Aggressive, calculated actions of Texas school districts pursuing new tax dollars provide important insight for taxpayers. An onslaught of bond elections have secured Texas a top spot nationally in local government debt along with spending heavyweights California and New York. Tax ratification elections (TREs) are growing in popularity as taxing entities seek new ways to secure more public funds. The Temple ISD with a May 2011 bond election and now a Sept. 21 TRE scheduled offers opportunity to look into the mechanics of such elections.
Pigs get fed, hogs get slaughtered
The “for the children” mantra has worked well as school districts across Texas vigorously promote long-term bond debt. In fact, 33 percent of Texas’ more than $342 billion outstanding local debt belongs to school districts. From 2001-2011, public school districts’ total debt outstanding rose by 155.2 percent, far more than the increase in inflation.
Texas taxpayers struggle with stagnant wages, increasing costs and economic uncertainty. Everyone’s tightening their belts – except government. And school districts continue leading that charge.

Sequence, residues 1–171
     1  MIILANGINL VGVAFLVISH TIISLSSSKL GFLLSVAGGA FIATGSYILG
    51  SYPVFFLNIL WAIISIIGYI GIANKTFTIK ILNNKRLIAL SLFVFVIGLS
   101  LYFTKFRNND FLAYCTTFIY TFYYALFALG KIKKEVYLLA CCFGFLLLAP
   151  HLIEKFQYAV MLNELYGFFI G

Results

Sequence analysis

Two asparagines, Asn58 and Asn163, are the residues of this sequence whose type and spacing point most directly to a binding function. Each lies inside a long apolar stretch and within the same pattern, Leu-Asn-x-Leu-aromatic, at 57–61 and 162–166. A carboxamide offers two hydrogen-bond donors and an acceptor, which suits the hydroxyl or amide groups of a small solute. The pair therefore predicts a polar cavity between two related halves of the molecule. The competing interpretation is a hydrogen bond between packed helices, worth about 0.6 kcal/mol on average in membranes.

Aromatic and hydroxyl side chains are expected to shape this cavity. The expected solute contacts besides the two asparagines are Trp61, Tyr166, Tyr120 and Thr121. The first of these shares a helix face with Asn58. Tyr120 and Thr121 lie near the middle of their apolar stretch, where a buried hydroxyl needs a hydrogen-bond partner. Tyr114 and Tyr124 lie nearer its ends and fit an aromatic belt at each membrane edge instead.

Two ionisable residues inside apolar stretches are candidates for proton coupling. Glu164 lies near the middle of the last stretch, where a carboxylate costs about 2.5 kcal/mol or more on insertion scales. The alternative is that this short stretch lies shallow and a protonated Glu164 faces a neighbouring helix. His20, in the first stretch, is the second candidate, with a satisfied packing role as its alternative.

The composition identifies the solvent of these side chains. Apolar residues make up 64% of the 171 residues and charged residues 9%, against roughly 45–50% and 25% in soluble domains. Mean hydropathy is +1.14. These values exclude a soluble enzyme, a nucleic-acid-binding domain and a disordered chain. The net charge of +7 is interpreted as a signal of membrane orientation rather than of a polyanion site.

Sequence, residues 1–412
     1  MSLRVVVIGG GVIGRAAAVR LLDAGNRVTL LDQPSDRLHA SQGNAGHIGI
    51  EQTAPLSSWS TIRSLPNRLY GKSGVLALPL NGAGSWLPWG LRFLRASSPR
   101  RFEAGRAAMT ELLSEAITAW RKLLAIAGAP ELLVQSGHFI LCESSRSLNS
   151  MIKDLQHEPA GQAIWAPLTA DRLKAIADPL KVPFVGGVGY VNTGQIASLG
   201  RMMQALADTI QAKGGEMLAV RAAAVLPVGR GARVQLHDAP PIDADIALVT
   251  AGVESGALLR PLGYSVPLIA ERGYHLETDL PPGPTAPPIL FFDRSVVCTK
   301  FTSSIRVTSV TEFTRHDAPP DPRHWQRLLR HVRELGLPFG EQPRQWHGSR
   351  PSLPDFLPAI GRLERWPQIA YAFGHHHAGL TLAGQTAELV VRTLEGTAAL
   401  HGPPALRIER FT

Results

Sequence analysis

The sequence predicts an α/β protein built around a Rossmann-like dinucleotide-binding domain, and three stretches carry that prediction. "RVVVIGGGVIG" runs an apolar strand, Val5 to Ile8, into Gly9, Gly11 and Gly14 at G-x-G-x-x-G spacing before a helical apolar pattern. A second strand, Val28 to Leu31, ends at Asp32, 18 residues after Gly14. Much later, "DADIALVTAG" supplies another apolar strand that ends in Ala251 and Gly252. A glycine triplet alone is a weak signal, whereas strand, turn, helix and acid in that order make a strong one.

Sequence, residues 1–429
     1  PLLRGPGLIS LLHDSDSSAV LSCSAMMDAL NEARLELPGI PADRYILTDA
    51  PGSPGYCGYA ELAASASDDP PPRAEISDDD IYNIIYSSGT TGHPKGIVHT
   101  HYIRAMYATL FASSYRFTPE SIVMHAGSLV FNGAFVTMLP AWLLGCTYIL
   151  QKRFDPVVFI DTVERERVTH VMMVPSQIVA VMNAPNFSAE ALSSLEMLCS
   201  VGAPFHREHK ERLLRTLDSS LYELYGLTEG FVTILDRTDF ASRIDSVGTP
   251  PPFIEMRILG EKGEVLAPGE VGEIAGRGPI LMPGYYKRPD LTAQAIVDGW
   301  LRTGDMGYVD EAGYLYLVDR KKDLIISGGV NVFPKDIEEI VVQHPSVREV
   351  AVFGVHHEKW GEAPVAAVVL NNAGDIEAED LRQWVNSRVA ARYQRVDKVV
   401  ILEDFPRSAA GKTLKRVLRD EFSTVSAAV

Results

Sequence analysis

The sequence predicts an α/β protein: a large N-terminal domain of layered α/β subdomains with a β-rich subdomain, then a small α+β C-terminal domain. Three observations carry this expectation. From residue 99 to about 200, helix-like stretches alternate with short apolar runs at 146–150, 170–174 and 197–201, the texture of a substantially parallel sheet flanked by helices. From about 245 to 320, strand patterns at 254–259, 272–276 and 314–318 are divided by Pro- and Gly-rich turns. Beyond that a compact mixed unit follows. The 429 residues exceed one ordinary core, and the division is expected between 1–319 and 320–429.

When the going gets tough, the tough go for more public dollars?
School districts work this angle aggressively. The Texas school finance lawsuit whereby 500+ school districts are using taxpayer funds – from where else does the money come? – to sue Texas taxpayers for greater access to public funds is alive and well. Texas taxpayers are financing the state’s defense while local school district tax dollars fund hundreds of ISDs’ participation. Your tax dollars at work.
This is the same industry that spent the recent legislative session demanding more money, less accountability and no competition (as in school choice). Taxpayers were seriously betrayed as organizations including Texas Association of School Boards (TASB) and Texas Association of School Administrators (TASA) – both of which exist based on school district memberships (i.e. public funds) – joined Texas Municipal League (TML), Texas Association of Counties (TAC) and a host of other taxpayer-funded organizations in killing legislation that would have provided taxpayers with new transparency regarding local government spending and debt.